26.b4! Maybe forced. White uses tactics to resolve some of the tension. 26.Re2 b5 27.cxb5 axb5 28.a5 b4=/+ is definitely NOT what White is looking for. 26...Rxc4 27.Rxe5. Black has a few ways of dealing with this position. He wants to create as much play as possible, but it seems that White is holding in every line. 27...dxe5. 27...Kf6 28.Ree1 Rxb4 29.Rd4 Rxd4 30.Nxd4= And Black has no real hopes of winning as he will soon lose an important pawn.; 27...Rxb4 28.Rxf5+ Kg6 29.Ra5 The awkward placement of the rook on a5 would seem to give Black a reason to go for this line, however it is actually difficult to come up with a useful move. The pawns on d6 and h4 are rather weak, and the king will never find shelter. Practically, it is difficult to go for this line as your top choice, but it was definitely worth a try. 29...Rc8!? 30.Re1 Rc7=/+ 28.Nxe5+ Ke6 29.Nxc4 Bxb4 30.Rb1! Fixing the pawns on a light square is important, as it will allow White to easily control them, or at least force Black into a major concession if he tries to advance on the queenside. 30...a5 31.Rd1 Rc8 32.Rd4. The weak pawn on h4, the controlled structure on the queenside and the active white pieces give black little hope to win, so black sets up one final trap... 32...Bc3! 33.Rxh4 Bf6 34.Rf4 Bg5. White is at a small crossroads. He could try to gain three (!) passed pawns on the kingside with 35.Rxf5!? or he could play it safe and take a draw. Topalov has simply given Gata the chance to go wrong, but he doesn't bite.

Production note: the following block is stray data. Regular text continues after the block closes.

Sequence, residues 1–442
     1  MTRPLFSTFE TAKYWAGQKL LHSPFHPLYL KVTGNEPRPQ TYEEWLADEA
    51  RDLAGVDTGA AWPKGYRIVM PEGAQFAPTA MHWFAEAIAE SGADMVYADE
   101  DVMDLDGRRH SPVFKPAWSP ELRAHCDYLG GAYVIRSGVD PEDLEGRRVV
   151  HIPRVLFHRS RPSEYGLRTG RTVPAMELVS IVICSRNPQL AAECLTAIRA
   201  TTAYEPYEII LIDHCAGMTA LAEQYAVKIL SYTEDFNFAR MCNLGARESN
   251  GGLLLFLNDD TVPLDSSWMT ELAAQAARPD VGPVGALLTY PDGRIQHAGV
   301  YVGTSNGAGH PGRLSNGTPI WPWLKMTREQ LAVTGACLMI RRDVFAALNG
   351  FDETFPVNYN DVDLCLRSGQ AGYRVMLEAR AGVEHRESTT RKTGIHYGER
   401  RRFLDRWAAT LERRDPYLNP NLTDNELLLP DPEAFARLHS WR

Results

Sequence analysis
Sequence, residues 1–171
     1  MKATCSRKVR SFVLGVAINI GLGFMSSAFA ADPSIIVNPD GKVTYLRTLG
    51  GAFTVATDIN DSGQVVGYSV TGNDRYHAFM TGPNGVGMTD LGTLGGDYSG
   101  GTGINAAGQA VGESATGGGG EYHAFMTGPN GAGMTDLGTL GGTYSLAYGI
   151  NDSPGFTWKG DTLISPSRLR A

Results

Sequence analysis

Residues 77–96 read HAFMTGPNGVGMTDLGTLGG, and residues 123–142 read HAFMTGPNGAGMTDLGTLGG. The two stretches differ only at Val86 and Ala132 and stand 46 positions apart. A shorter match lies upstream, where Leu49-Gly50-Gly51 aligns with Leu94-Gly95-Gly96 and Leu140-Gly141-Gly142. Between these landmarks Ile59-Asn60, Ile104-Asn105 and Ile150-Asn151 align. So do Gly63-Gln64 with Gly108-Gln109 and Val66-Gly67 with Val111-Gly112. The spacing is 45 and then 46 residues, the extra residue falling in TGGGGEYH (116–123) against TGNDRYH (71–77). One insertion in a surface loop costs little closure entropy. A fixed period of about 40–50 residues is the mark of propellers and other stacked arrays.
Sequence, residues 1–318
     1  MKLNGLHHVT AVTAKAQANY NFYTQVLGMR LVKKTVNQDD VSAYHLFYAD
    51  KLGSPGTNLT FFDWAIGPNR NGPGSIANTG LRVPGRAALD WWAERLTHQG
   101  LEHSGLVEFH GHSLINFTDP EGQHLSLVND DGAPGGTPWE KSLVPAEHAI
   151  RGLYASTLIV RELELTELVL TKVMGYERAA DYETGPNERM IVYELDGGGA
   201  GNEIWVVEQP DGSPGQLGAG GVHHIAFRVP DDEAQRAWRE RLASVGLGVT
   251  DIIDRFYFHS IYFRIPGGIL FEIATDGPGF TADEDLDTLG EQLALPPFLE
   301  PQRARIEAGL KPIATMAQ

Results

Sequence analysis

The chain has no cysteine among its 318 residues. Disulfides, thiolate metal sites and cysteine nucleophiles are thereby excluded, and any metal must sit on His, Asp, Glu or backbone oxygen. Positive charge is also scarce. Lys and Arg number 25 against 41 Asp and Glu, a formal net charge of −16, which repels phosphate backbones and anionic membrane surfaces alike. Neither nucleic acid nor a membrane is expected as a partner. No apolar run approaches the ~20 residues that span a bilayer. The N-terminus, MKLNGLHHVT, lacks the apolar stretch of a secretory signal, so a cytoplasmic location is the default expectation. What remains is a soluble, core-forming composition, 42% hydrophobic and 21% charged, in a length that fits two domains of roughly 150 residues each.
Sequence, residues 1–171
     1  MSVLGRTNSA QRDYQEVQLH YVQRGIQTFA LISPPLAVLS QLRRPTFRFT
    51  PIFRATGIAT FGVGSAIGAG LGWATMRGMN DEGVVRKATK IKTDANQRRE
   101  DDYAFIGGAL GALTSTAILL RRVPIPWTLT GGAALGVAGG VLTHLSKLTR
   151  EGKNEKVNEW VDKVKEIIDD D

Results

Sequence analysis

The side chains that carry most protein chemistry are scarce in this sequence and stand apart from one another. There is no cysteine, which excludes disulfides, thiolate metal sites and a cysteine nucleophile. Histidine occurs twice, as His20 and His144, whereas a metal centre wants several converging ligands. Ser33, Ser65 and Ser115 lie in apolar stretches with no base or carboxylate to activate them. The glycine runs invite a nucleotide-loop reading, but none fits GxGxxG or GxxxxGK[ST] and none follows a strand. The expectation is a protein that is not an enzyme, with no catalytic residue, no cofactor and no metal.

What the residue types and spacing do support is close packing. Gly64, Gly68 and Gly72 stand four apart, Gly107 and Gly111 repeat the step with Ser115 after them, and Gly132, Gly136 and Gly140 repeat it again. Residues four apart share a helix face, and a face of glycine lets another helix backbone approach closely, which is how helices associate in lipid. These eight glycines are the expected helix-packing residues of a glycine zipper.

35.Rd4. 35.Rxf5!? Kxf5 (35...Rxc4 36.Rxg5 Rxa4 37.Rb5+/= Black might have enough to draw this, but no more.) 36.Nd6+ Ke6 (36...Ke5? 37.Nxc8 Kd5 transposes to Kd5 above.) 37.Nxc8 So now that we reach this position in our minds, we realize that more calculation is necessary. Black has no successful way of trying to corral the knight on c8, so he must lunge toward the queenside - and he has two ways to do this. 37...b5! Speed is everything. White can't take on b5, but he can clearly catch the pawn. (37...Kd5? 38.Ke2 Now Black's king cannot prevent White's from helping on the queenside, since he cannot afford to lose the b-pawn. 38...Kc5 (38...Kc4?! 39.Nd6+ Kb3 40.Nxb7 Kxa4 41.g3 Kb4 42.Nxa5+-) 39.Kd3 Kb4 40.Nd6 b6 41.Nb5 Kxa4 42.Kc4+- And the pawns roll by themselves on the queenside.) 38.Ke2 bxa4 39.Kd3 Bf6 40.Kc4 a3 41.Kb3 Bd4 42.Kxa3 Kd7 43.Ka4 and the position should be drawn. Of course this crazy lines requires quite a bit of calculation, and contains many ways in which one could go wrong. Gata's choice is safe and sound. 35...Bf6 36.Rf4 Bg5 37.Rd4 Bf6. A tenacious defense by the American. Topalov tried through every flank but eventually came up short of victory, setting up a highly anticipated game tomorrow, where Topalov will push with everything he has! 1/2-1/2